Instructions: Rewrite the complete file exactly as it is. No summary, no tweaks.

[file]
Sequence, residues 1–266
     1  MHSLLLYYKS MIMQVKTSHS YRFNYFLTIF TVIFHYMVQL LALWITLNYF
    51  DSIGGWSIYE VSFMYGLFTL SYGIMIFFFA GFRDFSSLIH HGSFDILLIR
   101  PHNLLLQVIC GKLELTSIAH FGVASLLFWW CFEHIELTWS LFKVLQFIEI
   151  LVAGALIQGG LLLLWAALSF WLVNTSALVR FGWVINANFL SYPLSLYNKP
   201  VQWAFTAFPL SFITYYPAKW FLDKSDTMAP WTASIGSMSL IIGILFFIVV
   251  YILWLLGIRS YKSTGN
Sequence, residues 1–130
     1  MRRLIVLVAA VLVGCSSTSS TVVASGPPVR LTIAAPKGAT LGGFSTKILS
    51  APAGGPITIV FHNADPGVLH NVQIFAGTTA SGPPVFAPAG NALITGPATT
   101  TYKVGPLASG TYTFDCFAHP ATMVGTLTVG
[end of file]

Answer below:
Sequence, residues 1–266
     1  MHSLLLYYKS MIMQVKTSHS YRFNYFLTIF TVIFHYMVQL LALWITLNYF
    51  DSIGGWSIYE VSFMYGLFTL SYGIMIFFFA GFRDFSSLIH HGSFDILLIR
   101  PHNLLLQVIC GKLELTSIAH FGVASLLFWW CFEHIELTWS LFKVLQFIEI
   151  LVAGALIQGG LLLLWAALSF WLVNTSALVR FGWVINANFL SYPLSLYNKP
   201  VQWAFTAFPL SFITYYPAKW FLDKSDTMAP WTASIGSMSL IIGILFFIVV
   251  YILWLLGIRS YKSTGN
Sequence, residues 1–130
     1  MRRLIVLVAA VLVGCSSTSS TVVASGPPVR LTIAAPKGAT LGGFSTKILS
    51  APAGGPITIV FHNADPGVLH NVQIFAGTTA SGPPVFAPAG NALITGPATT
   101  TYKVGPLASG TYTFDCFAHP ATMVGTLTVG